Immunoglobulin G (IgG) Subclasses
Immunoglobulin G Subclasses (1, 2, 3, 4) , Antrim #30941, EPIC: LAB6464, SOFT: IGSUB
Specimen Collection Criteria
Collect: One Gold-top SST tube. (Minimum Whole Blood: 4.0 mL)
Physician Office/Drawsite Specimen Preparation
Let specimen clot 30-60 minutes then immediately centrifuge to separate serum from cells. Do not refrigerate or freeze collection tube. Transfer serum to a plastic transport tube and refrigerate (2-8°C or 36-46°F) within 12 hours of collection. (Minimum serum: 0.5 mL)
Preparation for Courier Transport
Transport: Serum aliquot, refrigerated (2-8 °C or 36-46 °F). (Minimum serum: 0.5 mL)
- Plasma specimens.
- Hemolyzed specimens.
- Severely lipemic specimens.
- This test is not suitable for the measurement of samples containing rheumatoid factor, paraproteins, or other circulating immune complexes.
0,Centrifuged SST tubes may be transported
and stored at ambient temperatures (2o to 30o C; 36o to 86o
F) for up to 48 hours. DO NOT FREEZE TUBES CONTAINING BLOOD. For longer
storage, the serum should be removed from the gel and refrigerated (2o
-8o C) or frozen at -20o C or below.
Red-top tubes and Microtainers® may be stored at ambient temperatures
for up to 16 hours and for up to 3 days at refrigerator temperatures (2o
- 8o C). DO NOT FREEZE TUBES CONTAINING BLOOD. For longer storage,
the serum should be removed from the clot and refrigerated (2o -8o
C) or frozen at -20o C or below.
0,Serum specimens (pour-overs) may be stored
at room temperature (20o to 26o C; 68o to 79o F) for up
to 1 week, refrigerator temperature (2o to 8o C; 36o to 47o
F) for two weeks, and at -20o C (-4o F) for up to 3 months. Specimens
stored at -70o C (-94o F) can be stored indefinitely.
Monday, Wednesday, Friday.
Results available in 1-3 business days.
|greater than equal to 18 years
Increased IgG1 levels are seen in patients with multiple sclerosis.
Increased IgG2 and IgG3 levels are seen in cystic fibrosis patients with chronic Pseudomonas aeruginosa infections.
Increased IgG4 levels are associated with patients with atopic dermatitis, food allergies, chronic exposure to environmental antigens (e.g., bee-keepers, pigeon breeder's), asthma, cystic fibrosis, some parasitic diseases, and in allergic individuals under hyposensitization regimens.
Decreased IgG1 levels are associated with end-stage renal failure, nephotic syndrome, and common variable immunodeficiency.
Decreased IgG2 levels are associated with bronchial asthma in children, idiopathic thrombocytopenia purpura, HIV, IgA deficiency, otitis media, recurrent sinopulmonary infections, bronchiectasis, alcoholic liver disease, ataxia teleangiectasia, bowel surgery and nephrotic syndrome.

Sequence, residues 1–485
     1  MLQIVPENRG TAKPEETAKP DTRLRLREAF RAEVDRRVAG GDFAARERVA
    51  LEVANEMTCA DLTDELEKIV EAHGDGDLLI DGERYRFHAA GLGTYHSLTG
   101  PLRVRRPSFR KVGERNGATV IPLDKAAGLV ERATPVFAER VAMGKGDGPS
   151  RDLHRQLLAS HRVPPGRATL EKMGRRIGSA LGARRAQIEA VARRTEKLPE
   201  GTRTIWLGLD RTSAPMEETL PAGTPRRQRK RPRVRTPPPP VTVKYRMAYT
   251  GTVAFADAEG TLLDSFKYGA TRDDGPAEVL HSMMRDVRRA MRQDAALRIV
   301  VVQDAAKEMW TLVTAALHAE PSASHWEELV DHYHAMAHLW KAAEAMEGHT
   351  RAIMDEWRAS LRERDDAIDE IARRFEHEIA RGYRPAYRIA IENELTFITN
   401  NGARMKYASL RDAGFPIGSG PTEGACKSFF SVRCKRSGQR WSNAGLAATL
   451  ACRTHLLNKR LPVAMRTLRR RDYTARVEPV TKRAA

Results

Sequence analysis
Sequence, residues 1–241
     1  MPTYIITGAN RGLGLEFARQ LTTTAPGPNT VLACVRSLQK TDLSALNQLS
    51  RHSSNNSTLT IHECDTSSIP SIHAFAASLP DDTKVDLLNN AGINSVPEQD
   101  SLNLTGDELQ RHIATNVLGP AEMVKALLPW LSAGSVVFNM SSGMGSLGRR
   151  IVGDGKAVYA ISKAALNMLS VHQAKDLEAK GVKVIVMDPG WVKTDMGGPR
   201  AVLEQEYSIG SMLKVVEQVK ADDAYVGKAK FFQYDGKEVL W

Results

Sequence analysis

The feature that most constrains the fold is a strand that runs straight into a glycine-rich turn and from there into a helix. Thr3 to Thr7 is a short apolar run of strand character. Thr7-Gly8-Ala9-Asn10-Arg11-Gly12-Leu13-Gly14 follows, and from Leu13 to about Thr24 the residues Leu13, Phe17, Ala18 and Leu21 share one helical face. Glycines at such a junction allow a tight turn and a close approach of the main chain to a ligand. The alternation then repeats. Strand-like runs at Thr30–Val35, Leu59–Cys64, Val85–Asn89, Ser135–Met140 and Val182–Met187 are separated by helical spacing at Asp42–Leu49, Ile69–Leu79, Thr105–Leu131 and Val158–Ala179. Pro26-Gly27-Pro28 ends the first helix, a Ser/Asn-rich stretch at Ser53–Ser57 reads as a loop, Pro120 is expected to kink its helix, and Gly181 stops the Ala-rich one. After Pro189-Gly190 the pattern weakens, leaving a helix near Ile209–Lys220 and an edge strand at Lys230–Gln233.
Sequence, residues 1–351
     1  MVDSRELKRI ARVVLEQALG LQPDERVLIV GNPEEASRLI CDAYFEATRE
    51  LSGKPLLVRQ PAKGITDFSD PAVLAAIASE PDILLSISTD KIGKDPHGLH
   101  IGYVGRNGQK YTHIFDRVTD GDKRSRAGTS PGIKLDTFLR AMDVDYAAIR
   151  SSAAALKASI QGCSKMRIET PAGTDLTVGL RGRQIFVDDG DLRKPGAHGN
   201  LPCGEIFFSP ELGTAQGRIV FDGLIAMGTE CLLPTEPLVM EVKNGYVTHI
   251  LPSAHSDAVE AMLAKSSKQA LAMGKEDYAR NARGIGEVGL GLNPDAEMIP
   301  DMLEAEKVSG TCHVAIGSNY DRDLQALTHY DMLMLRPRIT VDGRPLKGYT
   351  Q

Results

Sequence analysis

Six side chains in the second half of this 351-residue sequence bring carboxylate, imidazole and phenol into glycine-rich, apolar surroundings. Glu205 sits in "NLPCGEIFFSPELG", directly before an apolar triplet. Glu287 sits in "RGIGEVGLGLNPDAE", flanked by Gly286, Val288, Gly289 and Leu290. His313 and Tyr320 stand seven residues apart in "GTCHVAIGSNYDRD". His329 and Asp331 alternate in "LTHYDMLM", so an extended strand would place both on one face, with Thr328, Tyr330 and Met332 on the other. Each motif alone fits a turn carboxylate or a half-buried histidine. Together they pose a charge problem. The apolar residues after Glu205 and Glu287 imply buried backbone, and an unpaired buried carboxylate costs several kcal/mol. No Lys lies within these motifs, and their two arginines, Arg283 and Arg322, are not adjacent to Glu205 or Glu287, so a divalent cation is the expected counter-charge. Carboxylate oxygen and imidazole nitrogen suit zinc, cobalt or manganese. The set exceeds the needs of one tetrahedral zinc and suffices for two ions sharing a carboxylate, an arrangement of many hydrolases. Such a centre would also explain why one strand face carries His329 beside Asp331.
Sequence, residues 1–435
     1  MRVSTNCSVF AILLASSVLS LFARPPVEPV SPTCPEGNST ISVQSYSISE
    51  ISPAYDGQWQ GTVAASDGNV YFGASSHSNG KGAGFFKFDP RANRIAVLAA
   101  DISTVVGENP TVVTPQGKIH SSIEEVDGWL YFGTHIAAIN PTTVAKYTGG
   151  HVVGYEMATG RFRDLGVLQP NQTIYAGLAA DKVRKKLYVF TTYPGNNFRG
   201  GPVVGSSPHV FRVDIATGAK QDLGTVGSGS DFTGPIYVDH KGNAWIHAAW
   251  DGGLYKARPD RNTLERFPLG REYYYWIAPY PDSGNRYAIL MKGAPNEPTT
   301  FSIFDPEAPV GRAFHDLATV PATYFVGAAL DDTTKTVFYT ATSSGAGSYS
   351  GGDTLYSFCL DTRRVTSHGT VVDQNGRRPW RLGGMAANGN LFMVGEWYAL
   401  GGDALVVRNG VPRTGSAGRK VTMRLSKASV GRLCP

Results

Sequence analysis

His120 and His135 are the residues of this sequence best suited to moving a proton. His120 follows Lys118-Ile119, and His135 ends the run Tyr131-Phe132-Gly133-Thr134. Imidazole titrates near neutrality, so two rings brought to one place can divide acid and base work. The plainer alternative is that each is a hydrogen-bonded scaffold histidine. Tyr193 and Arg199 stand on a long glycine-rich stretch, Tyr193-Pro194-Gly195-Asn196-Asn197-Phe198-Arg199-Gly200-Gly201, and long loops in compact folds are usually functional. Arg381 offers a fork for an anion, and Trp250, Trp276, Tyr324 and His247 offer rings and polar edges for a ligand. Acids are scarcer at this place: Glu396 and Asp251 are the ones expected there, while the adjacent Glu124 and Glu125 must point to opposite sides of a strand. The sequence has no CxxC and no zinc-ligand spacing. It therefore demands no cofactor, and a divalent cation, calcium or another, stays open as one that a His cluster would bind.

Decreased IgG3 levels are associated with bronchial asthma in children, systemic lupus erythematosus, and recurrent sinopulmonary infections.
Decreased IgG4 levels are associated with idiopathic thrombocytopenia purpura, systemic lupus erythematosus, HIV, IgA and IgM deficiency, Wiskott-Aldrich's disease, alcoholic liver disease, ataxia teleangiectasia, and recurrent sinopulmonary infections.
Quantitation of the IgG subclasses helps to determine the immune status of patients with normal total IgG levels. Patients with a normal serum level of total IgG may have a clinically important deficiency of one or more IgG subclasses. Deficiencies in one or more IgG subclasses are associated with sinusitis, recurrent otitis media, asthma, respiratory tract infections, and impaired lung function with or without IgA deficiency.
IgG subclass deficiency occurs when there is an imbalance of the IgG subclasses with one or more subclasses being deficient. The etiology is unknown. These patients may be healthy but most have a history of frequent ear and sinus infections, bronchiectasis, and pneumonia. These infections are often caused by encapsulated bacteria such as Haemophilus influenzae, and Streptococcus pneumoniae, especially in the case of IgG2 deficiency.
Antrim #30941, EPIC: LAB6464, SOFT: IGSUB
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This directory currently reflects information only for specimens collected and/or processed at the
Farmington Hills, Grosse Pointe, Royal Oak, and Troy campuses.